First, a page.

Secondly, these women and their companies are helping to celebrate the female body. Lauren Rios and Anna Zapponi, the founders of Salvaje Swimwear, say they love making custom bikinis to empower women, especially in this time in history.
“It is exactly what we need to be doing,” Anna says. “Our bikinis are made for all shapes and sizes to promote positive body image and self-confidence. Being able to support women and make a suit that women feel strong and bold in is very important to us.”
Lauren and Anna started Salvaje Swimwear a few months after moving to Playa Hermosa as a means to continue living in Costa Rica. Neither had any prior experience making bikinis and actually didn’t even know how to use a sewing machine. But where there’s a will, there’s a way, so this innovative duo completely paved their own way to living the life that suits them best.
“It’s important to know that you can really do anything in your life!” Lauren says passionately. “Just do it. Push all comparisons aside and be your own woman!”
Tica designer Debbie Palacios is another inspirational role model for self-empowerment in a business promoting self-confidence along with style. Debbie’s venture into designing her own swimwear line originated as a hobby in 2013. Sister Patty brought her marketing expertise to their subsequent partnership in running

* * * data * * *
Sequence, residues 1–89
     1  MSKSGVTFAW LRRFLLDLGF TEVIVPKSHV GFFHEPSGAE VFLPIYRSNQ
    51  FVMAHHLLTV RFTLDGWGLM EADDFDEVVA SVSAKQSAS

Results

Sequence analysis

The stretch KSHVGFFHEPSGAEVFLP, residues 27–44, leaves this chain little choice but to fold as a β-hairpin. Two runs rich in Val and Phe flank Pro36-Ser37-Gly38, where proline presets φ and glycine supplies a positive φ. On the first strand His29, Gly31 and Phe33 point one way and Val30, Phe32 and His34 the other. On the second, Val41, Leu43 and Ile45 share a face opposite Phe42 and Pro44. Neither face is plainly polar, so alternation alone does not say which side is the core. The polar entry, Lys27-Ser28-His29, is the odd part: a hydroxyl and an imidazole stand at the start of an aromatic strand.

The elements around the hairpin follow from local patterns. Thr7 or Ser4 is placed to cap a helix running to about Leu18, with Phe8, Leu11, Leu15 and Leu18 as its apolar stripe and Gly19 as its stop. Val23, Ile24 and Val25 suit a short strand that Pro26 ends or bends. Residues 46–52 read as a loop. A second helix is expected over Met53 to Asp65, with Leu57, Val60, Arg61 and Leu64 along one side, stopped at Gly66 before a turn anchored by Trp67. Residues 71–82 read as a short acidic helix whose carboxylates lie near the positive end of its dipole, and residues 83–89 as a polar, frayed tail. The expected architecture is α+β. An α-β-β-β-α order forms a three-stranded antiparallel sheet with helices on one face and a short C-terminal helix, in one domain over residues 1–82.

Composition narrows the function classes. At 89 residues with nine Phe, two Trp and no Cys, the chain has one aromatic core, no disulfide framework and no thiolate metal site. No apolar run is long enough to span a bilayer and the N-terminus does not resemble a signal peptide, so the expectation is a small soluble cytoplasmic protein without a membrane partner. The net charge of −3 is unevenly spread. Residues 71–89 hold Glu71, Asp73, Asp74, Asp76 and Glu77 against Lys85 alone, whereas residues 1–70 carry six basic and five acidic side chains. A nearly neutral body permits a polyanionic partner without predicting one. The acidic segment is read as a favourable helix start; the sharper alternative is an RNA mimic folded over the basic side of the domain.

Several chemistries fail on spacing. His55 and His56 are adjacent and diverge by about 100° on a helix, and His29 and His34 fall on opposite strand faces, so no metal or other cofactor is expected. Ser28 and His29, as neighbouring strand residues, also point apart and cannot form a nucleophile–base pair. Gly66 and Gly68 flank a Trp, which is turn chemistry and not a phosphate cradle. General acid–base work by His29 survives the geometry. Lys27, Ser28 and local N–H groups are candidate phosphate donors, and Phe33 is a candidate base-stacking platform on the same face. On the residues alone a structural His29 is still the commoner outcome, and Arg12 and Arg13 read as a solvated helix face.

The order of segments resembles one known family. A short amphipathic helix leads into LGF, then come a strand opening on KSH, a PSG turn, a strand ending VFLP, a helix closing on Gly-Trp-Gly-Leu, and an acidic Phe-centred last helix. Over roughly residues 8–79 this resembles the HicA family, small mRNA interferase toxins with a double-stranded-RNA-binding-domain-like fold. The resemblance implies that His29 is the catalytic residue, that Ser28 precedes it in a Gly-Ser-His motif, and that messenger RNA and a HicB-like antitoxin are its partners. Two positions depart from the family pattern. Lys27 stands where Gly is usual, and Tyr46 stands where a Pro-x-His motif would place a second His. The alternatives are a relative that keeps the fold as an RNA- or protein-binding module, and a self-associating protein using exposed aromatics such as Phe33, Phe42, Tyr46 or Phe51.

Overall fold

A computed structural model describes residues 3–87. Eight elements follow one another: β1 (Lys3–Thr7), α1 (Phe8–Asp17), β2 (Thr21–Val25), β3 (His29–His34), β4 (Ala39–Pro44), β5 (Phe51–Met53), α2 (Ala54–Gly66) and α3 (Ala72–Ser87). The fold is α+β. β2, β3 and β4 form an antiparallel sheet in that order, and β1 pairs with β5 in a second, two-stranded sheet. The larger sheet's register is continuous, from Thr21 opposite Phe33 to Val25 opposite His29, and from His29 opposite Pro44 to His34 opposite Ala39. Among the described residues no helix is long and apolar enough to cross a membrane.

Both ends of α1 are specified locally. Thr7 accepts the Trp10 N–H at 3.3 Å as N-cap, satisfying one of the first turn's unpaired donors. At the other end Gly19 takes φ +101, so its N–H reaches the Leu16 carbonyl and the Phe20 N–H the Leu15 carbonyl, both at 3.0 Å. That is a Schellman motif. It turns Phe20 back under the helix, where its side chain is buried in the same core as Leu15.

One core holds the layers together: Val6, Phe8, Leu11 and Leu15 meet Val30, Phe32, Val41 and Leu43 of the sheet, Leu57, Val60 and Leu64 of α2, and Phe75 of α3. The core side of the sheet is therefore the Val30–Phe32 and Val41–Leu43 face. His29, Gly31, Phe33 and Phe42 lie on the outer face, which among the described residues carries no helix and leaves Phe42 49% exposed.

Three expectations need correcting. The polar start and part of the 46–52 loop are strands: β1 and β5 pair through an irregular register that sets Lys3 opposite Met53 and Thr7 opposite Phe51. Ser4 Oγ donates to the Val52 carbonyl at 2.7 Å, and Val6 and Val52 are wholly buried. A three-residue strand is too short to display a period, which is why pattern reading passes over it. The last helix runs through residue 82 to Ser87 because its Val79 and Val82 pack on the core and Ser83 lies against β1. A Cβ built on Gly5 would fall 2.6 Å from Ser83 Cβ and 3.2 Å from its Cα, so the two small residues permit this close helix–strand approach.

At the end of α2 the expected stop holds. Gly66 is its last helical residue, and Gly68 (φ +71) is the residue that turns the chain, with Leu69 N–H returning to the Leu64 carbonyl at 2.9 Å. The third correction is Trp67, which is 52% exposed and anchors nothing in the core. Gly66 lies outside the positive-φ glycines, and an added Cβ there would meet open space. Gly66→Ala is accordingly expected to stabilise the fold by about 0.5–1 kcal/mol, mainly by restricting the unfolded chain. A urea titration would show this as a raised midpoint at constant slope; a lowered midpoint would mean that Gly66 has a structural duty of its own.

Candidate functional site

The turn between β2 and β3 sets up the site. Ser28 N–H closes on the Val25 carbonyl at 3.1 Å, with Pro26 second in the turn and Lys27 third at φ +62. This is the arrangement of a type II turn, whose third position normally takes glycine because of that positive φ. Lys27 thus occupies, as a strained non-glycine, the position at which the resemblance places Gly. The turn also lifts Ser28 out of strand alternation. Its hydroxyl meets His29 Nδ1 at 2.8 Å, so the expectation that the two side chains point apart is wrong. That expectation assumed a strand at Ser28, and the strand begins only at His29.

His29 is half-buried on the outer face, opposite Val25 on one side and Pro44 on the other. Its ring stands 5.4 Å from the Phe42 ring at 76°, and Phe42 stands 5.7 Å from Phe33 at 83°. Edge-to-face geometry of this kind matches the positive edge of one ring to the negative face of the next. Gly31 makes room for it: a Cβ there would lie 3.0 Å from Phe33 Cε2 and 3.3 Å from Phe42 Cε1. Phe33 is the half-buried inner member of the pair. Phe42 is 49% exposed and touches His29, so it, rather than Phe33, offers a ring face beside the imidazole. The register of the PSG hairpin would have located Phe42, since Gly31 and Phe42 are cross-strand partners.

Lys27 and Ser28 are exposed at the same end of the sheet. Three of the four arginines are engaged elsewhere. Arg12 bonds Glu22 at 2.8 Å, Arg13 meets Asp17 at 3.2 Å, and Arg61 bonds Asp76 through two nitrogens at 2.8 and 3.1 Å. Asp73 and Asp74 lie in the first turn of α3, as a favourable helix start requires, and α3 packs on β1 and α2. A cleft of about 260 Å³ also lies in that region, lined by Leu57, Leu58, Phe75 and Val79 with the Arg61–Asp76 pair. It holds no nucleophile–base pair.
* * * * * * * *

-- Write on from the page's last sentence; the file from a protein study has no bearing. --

De’ Lohana Bikinis in Tamarindo. Perhaps their success was foreshadowed in childhood, when the pair used to sew their own bikinis. Debbie remains the designer behind De’Lohana swimsuits, employing local sewing staff to create pieces from 100 percent biodegradable materials.
Support for the sport
A third success factor for most bikini brands is their support for female surfing, which is rapidly growing. By creating swimsuits specifically designed for surfing and other high-intensity activities, these swimwear designers are making it possible for female surfers to focus on doing what they love to do and not on nip slips, vedgies and wedgies … and worst of all, getting your bottoms pulled down by the sea.
Megwyn Saunders and Carolina Camero, the founders and owners of Cámelo, met at a bodyboarding competition in Venezuela. Soon after, they decided to build a brand together that reflected their lifestyle and would provide the financial means to support their passion for bodyboarding and traveling the world. They both ended up moving to Costa Rica, and in 2008, Cámelo was officially born.
“We are very proud of our brand,” says Megwyn. “We love motivating women to be sure of themselves, confident in their bodies, and empowered to play sports. We are a women’s brand for women!”
The Cámelo partners not only make durable swimwear, they also support female athletes in many ways. They host a biannual clinic for female bodyboarders in Costa Rica, and are adding surfing and stand up paddle boarding to their clinics starting in 2019. They also sponsor several female surfers and bodyboarders in Costa Rica to help support these young women in the pursuit of their dreams.
The sea is a sanctuary and playground that accepts everyone equally. It is a place where societal barriers and superficial differences can break like the waves. As a gender, women are capable of achieving anything that a man can achieve, whether it’s surfing 68-foot waves or running a successful business. The female Costa Rican business owners behind the surf bikini brands and the women who are buying and surfing in their suits are demonstrating just that.